Following the ban on the usage and trading of cryptocurrencies in Nigeria, the eNaira was created to serve as a substitute. Nigeria’s federal government successfully launched its digital currency on October 25th, 2021. Because it has no legal backing and is not issued by any central authority, the Central Bank of Nigeria has ordered all financial institutions in Nigeria to prevent all crypto users from using their platform for crypto transactions and settlements.

It might also be used to finance crimes and other acts of terrorism, according to the CBN. Nigerians, on the other hand, are already downloading and registering for the eNaira wallet application on Google Play. There is substantial debate about whether the eNaira will be widely embraced in Nigeria or not, considering some of the eNaira’s shortcomings. The eNaira may not be generally acknowledged in Nigeria for some of the reasons. Let’s discuss them.

eNaira: Nigeria rolls out Africa's first digital currency | Africanews

What is the eNaira currency?

The eNaira is a digital currency created by the Nigerian government that has the same value as real naira notes. The general public will be able to purchase it through financial institutions or intermediaries, and it will then be transferred to consumers’ e-wallets. The e-Naira will be generated autonomously from bank accounts, with financial institutions creating the wallet through a software product interface to build customer identity. And it is accepted as legal money all over the nation.

3 Reasons the eNaira would not be widely embraced in Nigeria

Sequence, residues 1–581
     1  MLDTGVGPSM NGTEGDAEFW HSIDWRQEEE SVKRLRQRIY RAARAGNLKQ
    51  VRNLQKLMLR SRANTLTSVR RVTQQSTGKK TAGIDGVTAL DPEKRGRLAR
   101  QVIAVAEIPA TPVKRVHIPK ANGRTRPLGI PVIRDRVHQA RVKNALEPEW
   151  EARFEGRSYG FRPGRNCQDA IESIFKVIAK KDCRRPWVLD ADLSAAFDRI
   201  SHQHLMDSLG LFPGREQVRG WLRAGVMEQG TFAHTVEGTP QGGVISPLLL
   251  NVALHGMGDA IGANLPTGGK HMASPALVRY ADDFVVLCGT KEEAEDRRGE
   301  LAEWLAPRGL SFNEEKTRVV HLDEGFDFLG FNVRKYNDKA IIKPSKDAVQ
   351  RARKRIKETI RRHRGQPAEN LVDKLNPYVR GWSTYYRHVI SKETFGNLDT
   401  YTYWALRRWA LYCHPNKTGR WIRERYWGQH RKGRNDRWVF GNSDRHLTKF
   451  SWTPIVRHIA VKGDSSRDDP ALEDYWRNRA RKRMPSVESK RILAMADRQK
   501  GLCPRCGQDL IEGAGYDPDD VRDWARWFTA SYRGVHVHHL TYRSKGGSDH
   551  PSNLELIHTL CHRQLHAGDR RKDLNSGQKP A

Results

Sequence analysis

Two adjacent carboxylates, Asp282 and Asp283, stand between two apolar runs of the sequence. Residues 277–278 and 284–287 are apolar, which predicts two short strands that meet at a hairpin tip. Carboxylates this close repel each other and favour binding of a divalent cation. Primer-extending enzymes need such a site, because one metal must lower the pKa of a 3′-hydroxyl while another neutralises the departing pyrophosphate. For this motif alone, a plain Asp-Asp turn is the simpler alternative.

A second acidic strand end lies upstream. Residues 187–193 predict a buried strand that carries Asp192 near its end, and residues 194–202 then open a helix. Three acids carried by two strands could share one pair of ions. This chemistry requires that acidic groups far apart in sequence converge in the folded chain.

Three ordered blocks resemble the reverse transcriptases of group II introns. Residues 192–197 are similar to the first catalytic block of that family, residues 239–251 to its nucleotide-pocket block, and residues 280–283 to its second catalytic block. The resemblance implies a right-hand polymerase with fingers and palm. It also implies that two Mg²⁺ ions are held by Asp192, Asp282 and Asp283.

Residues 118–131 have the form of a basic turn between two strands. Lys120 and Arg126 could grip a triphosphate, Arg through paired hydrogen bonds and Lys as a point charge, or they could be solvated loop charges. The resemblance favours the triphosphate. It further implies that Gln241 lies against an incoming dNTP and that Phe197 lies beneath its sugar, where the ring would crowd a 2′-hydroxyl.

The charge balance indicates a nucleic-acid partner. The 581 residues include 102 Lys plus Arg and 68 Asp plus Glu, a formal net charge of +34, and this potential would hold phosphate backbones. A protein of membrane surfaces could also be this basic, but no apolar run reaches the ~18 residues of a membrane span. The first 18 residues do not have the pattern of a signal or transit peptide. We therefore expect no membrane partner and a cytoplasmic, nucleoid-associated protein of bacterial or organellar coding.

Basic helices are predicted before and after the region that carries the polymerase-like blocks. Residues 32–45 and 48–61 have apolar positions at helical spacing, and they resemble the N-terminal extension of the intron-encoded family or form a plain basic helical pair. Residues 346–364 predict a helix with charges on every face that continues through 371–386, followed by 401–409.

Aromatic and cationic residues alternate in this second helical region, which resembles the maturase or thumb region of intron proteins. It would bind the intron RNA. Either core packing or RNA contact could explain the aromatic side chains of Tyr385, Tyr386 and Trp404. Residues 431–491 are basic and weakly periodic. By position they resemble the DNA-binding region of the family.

1. Fraudulent Activity: The expansion of online banking, digital currency, and digital payment systems have coincided with the rise of cybercrime. As the e-Naira becomes more commonly utilised, stolen passwords, hijacked accounts, internet banking frauds, and other risks will become more widespread.
  2. Does not rise in value: The eNaira will not increase in value in the same manner that Bitcoin and other digital currencies do. Though linking the value of the digital currency to the value of the fiat currency makes it stable, it will not be attractive to those searching for a digital assets to trade and profit from. Therefore, the e-Naira cannot be used in place of cryptocurrencies in this situation. Money kept in an e-Naira wallet does not accrue interest like money kept in a standard bank savings account.
  3. Can lead to overspending: Money kept in a digital naira e-wallet is mostly used for transaction settlements and payments, which can discourage the habit of saving and lead to spending excessively. Given the foregoing, one can’t help but be sceptical about eNaira’s future viability in Nigeria. The digital money is a good idea with some shortcomings, and these downsides may make the digital currency unacceptably ineffective.

Wrapping Up

The eNaira is a non-interest generating asset, which means it pays no interest to its holders and is merely a digital payment method. So, eNaira is similar to another naira in your savings account, but it’s held in the digital or virtual space. It is not a profit-generating asset in the same way that bitcoin is. Considering the above reasons, one can’t help but be sceptical about eNaira’s long term future in Nigeria except their are profitable improvements or advantages it brings. The digital money is a good idea with some shortcomings, and these downsides may make the digital currency extremely ineffective.


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